Gonorrhea Gonorrhea Gonorrhea is a sexually transmitted infection caused by the bacteria Neisseria gonorrhoeae, which infect the lining of the urethra, cervix, rectum, and throat or the membranes that cover... read more , which is often also present, can be diagnosed using the same sample. Blood tests to check for human immunodeficiency virus (HIV) infection Human Immunodeficiency Virus (HIV) Infection Human immunodeficiency virus (HIV) infection is a viral infection that progressively destroys certain white blood cells and can cause acquired immunodeficiency syndrome (AIDS). HIV is transmitted... read more and syphilis Syphilis Syphilis is a sexually transmitted infection caused by the bacteria Treponema pallidum. Syphilis can occur in three stages of symptoms, separated by periods of apparent good health. It... read more are usually also done.
Because chlamydial infection is so common and because many infected women have no symptoms, tests to screen for chlamydial infection and other STIs are recommended for certain sexually active women and men.
Women who are not pregnant (including women who have sex with women) are screened annually if they have characteristics that increase their risk of infection:
Sexually active and under age 25
A previous STI
Participation in risky sexual activities (such as having many sex partners, not using condoms regularly, or participating in sex work)
A partner who participates in risky sexual activities or has an STI
Pregnant women are screened during their initial prenatal visit. The following pregnant women are screened again during the 3rd trimester:
All who are under age 25
Those who are age 25 and older if their risk of infection is increased
If pregnant women have a chlamydial infection, they are treated. These women are tested again within 3 months.
Heterosexually active men are not routinely screened except if their risk of chlamydial infection is increased—for example, when they have several sex partners, when they are patients at an adolescent or STI clinic, or when they are admitted into a correctional facility.
Men who have sex with men are screened as follows:
If they are sexually active: At least once a year
If they are at increased risk (those with HIV infection, multiple sex partners, or a partner who has multiple partners): Every 3 to 6 months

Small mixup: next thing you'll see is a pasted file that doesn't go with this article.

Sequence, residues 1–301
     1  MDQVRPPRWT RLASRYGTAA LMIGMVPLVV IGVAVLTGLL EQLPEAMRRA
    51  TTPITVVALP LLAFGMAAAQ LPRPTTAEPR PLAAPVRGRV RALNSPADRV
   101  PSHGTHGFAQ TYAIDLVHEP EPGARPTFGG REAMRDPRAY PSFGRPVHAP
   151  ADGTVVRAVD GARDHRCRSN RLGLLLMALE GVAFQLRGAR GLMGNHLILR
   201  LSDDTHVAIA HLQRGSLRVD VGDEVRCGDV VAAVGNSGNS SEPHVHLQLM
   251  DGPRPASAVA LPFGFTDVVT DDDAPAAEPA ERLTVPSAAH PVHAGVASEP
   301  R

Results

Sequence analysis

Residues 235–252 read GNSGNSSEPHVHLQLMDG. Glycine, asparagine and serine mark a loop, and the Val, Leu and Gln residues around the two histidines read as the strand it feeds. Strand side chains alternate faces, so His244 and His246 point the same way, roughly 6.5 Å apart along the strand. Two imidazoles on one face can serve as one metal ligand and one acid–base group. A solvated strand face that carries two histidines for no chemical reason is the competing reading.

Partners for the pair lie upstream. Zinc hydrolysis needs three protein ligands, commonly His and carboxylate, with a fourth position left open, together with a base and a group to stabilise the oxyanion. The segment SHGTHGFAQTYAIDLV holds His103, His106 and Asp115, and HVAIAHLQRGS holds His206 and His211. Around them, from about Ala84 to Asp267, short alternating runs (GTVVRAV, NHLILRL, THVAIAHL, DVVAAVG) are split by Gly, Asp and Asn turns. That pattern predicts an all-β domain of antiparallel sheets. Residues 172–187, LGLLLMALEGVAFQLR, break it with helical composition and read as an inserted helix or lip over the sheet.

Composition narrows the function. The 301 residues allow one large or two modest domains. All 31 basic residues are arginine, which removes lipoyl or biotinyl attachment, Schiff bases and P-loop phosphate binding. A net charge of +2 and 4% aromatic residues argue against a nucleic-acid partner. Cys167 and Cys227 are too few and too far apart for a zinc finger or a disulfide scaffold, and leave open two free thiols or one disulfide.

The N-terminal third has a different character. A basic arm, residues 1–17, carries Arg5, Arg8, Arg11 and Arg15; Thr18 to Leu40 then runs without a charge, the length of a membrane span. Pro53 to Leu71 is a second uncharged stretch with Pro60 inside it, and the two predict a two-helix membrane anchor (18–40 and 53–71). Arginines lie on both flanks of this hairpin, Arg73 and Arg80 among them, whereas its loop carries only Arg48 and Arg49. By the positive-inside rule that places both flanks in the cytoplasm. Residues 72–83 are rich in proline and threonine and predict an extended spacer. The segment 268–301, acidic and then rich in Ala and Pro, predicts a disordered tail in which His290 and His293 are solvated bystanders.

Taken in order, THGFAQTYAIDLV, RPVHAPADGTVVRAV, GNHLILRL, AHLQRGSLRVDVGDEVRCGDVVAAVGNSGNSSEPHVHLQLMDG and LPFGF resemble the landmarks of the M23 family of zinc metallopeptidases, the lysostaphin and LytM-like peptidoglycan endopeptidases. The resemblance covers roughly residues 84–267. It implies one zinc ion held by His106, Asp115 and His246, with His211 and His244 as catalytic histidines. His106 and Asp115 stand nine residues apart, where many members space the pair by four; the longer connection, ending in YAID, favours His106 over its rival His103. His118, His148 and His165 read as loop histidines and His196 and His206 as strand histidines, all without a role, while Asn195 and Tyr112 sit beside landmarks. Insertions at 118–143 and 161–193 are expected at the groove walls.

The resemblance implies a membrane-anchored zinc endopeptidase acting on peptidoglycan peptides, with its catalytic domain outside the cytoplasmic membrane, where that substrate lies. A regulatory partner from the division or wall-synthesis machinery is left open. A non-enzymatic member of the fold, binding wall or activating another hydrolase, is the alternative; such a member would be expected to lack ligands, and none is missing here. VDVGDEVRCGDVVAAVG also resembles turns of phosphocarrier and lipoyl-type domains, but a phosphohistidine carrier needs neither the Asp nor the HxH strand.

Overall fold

These men are screened whether they use condoms or not. Tests are done using samples taken from the rectum, the urethra, or, if they engaged in oral sex, the throat.
The following general measures can help prevent chlamydial infections (and other STIs):
Avoidance of unsafe sex practices, such as frequently changing sex partners or having sexual intercourse with prostitutes or with partners who have other sex partners
Prompt diagnosis and treatment of the infection (to prevent spread to other people)
Identification of the sexual contacts of infected people, followed by counseling or treatment of these contacts
Not having sex (anal, vaginal, or oral) is the most reliable way to prevent STIs but is often unrealistic.
Simultaneous treatment of sex partners
Chlamydial, ureaplasmal, and mycoplasmal infections are treated with one of the following antibiotics:
A single dose of the antibiotic azithromycin taken by mouth
Doxycycline, erythromycin, levofloxacin, or ofloxacin taken by mouth for 7 days
Pregnant women are treated with azithromycin.
If gonorrhea Gonorrhea Gonorrhea is a sexually transmitted infection caused by the bacteria Neisseria gonorrhoeae, which infect the lining of the urethra, cervix, rectum, and throat or the membranes that cover... read more is possible, an antibiotic such as ceftriaxone, injected into a muscle, is given at the same time to treat gonorrhea. Such treatment is needed because the symptoms of the two infections are similar and because many people have both infections at the same time.
Symptoms may persist or return for one of the following reasons:
Other infections that are also present may be causing the symptoms.
People may have become infected again.
The chlamydiae may be resistant to antibiotics.
In such cases, tests for chlamydial infection and gonorrhea are repeated, and sometimes tests for other infections are done. Then people are treated with azithromycin or, if azithromycin was used before and was ineffective, with moxifloxacin.
Sex partners should be treated simultaneously if possible. Infected people and their sex partners should abstain from sexual intercourse until they have been treated for at least 1 week.
The risk of another chlamydial infection or another STI within 3 to 4 months is high enough that people should be tested again at that time.